For reference, here’s a baseline shot, with all the room lights off and almost nothing hitting the sensor.  Also, here’s the light with the worst PWM I could find.  I’m adding multiple timescales, so it’ll be easier to compare to the test light.  Unfortunately, the PWM on this light is so bad that it doesn’t even work with my normal scale, with is 50 microseconds (50us).  10ms5ms2ms1ms0.5ms0.2ms.  In a display faster than 0.2ms or so, the on/off cycle is more than one screen, so it’d just (very incorrectly) look like a flat line.  I wrote more about this Ultrafire WF-602C flashlight and explained a little about PWM too.

User Interface and Operation

There’s a single switch on the W4.  It’s a forward mechanical clicky.

Weltool W4 LEP

The switch is extremely proud and easy to access.

Weltool W4 LEP

Here’s a UI table!

State Action Result
Off Tap Momentary High
Off Double Tap Momentary Low
Off Click On (High)
On Click Off
High Double Click Low

The UI is of course very simple.  Just two modes on a forward clicky.  The FW clicky allows momentary which is great.

LED and Beam

“LED and Beam” might not really fit here.  It’s an LEP, which means Laser Excited Phosphor.  Despite how the front of the light looks below, it is actually flat (the domed glass is covered).

Weltool W4 LEP

These beamshots are always with the following settings:  f8, ISO100, 0.3s shutter, and manual 5000K exposure.  Note that these are taken from the same distance as always, so the beam realllllllly is that much of a pencil-thin beam!!

And here are some other/more/outdoor beamshots, not all of which are at the above camera settings (but they’re logged on the photo.  Grouped in sets by location.  I’m sorry but outdoor shots are not my thing – I both find them very hard to take effectively, and also do not find them useful at all.  I matched the camera settings to generally what I was seeing in person.  I’ve included some control (dark) shots, and some shots with another random light I had on my person (Skilhunt M200), and of course, Giggles.  In many of the cases below, Giggles is much more useful.  But at the longest distance shown (290m) we’re only stretching the legs of the W4 – it reaches 10x as far willingly.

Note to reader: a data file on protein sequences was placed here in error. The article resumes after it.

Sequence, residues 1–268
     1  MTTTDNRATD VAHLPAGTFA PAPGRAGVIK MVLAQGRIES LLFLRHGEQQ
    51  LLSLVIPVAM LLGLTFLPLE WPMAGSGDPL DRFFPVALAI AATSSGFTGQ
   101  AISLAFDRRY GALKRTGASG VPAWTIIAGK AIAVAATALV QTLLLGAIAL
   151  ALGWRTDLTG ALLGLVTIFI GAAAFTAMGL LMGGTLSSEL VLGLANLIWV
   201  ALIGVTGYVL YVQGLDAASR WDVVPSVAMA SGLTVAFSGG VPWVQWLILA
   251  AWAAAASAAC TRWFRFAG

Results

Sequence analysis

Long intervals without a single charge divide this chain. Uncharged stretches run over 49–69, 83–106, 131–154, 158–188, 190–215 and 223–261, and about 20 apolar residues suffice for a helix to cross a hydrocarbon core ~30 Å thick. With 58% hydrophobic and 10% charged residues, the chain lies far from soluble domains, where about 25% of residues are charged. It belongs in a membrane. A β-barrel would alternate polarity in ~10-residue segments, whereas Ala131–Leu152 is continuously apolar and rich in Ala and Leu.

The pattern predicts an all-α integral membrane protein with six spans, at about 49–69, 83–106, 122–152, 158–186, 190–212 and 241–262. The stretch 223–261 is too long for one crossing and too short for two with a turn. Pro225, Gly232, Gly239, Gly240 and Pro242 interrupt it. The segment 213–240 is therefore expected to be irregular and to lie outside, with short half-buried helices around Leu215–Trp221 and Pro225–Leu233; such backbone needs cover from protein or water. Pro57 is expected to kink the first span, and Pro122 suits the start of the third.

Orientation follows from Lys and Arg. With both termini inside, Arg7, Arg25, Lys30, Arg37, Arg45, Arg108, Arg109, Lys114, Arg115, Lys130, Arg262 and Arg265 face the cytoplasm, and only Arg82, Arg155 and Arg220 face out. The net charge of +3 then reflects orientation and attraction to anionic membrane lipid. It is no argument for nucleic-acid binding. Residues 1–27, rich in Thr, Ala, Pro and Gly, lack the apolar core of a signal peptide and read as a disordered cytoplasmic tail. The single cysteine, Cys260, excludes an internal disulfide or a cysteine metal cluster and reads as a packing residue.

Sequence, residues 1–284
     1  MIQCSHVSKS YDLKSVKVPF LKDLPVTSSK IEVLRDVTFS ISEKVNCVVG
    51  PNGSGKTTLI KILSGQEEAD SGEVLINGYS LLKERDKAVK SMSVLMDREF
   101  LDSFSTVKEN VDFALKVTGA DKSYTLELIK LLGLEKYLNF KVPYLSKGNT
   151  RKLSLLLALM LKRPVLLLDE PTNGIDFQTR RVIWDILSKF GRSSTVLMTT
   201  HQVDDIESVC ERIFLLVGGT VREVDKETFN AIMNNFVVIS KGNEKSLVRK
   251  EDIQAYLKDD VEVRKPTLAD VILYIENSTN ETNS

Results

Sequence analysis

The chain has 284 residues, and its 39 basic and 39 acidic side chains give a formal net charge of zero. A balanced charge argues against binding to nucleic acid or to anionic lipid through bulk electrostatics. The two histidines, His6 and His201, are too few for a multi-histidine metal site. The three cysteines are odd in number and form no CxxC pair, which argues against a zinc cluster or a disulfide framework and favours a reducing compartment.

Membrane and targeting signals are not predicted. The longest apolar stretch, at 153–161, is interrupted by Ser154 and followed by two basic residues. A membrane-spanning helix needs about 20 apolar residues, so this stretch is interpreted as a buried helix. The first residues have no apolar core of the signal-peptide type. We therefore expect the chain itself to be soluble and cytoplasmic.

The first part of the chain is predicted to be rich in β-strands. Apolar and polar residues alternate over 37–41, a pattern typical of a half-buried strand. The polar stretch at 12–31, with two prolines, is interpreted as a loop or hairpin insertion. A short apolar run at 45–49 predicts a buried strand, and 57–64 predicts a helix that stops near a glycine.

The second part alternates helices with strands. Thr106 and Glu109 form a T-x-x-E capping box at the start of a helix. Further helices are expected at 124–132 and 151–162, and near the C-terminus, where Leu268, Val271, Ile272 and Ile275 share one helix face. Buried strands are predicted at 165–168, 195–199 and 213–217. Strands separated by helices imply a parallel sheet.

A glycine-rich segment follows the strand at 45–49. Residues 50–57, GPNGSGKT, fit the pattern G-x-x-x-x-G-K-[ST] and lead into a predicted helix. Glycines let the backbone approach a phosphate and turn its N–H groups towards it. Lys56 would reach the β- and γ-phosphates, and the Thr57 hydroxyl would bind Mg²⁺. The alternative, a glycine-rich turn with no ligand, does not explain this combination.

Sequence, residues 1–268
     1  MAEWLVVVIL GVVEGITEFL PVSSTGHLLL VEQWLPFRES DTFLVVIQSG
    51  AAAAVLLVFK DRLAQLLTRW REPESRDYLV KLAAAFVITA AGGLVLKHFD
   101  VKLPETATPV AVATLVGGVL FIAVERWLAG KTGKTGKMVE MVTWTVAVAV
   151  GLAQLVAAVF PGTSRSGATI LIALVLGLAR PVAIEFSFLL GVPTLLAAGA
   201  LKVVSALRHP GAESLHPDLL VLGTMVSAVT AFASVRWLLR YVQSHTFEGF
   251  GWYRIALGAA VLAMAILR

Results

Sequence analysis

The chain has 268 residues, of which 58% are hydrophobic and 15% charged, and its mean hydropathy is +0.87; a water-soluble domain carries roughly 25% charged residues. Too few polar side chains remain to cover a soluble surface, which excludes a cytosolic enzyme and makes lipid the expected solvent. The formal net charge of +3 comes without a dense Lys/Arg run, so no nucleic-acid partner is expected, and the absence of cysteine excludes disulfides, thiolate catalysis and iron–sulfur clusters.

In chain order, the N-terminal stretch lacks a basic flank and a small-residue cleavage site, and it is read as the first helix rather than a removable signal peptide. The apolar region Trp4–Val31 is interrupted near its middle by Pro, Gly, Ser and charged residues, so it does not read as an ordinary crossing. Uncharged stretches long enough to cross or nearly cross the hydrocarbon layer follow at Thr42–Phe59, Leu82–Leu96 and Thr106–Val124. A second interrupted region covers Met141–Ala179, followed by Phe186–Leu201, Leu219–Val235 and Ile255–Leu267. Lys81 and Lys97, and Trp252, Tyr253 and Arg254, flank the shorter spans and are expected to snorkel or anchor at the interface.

And a couple of randos, just pointing at the ground in shaded daytime:

Tint vs BLF-348 (KillzoneFlashlights.com 219b version) (affiliate link)

I keep the test flashlight on the left, and the BLF-348 reference flashlight on the right.

I compare everything to the KillzoneFlashlights.com 219b BLF-348 because it’s inexpensive and has the best tint!

Conclusion on the Weltool W4 LEP

What I like

  • LEP lights are just incredible.  This one is too
  • Nice attention to details on the build
  • Meets specs on throw
  • Complete package including cell
  • USB Charging is good

What I don’t like

  • I’d love to see a 18350 version
  • The LEP beams are quite green.  I’d settle for less throw and some better tint.

Notes

  • This light was provided by Weltool via KillzoneFlashlights.com for review. I was not paid to write this review.
  • This content originally appeared at zeroair.org.  Please visit there for the best experience!
  • For flashlight-related patches, stickers, and gear, head over to PhotonPhreaks.com!
  • Use my amazon.com referral link if you’re willing to help support making more reviews like this one!
  • Please support me on Patreon!  Feeding flashlights is expensive!  And funding Fun Fund Friday even more so.  I deeply appreciate your support!